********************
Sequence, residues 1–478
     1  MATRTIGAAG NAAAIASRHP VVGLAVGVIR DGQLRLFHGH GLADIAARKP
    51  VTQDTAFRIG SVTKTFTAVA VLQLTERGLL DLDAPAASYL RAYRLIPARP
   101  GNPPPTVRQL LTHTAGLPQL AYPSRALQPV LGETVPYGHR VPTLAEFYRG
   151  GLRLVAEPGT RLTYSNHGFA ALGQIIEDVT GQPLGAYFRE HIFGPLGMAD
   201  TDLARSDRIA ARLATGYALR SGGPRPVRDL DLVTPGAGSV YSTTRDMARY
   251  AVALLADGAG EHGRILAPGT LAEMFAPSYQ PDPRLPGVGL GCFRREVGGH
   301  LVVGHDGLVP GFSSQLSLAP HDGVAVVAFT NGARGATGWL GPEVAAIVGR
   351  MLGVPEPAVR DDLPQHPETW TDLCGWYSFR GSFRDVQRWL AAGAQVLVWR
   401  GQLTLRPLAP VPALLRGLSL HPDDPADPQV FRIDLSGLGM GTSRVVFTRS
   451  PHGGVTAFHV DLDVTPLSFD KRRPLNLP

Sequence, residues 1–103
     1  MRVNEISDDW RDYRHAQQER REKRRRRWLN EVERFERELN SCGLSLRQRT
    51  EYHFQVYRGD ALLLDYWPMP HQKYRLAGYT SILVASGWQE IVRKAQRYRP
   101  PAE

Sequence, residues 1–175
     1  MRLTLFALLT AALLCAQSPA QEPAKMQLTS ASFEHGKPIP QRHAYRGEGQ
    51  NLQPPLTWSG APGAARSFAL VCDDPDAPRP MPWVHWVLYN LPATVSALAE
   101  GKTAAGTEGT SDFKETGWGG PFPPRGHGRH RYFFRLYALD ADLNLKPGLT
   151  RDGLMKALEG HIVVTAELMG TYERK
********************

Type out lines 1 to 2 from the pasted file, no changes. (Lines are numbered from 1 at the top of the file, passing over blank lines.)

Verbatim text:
Sequence, residues 1–478
     1  MATRTIGAAG NAAAIASRHP VVGLAVGVIR DGQLRLFHGH GLADIAARKP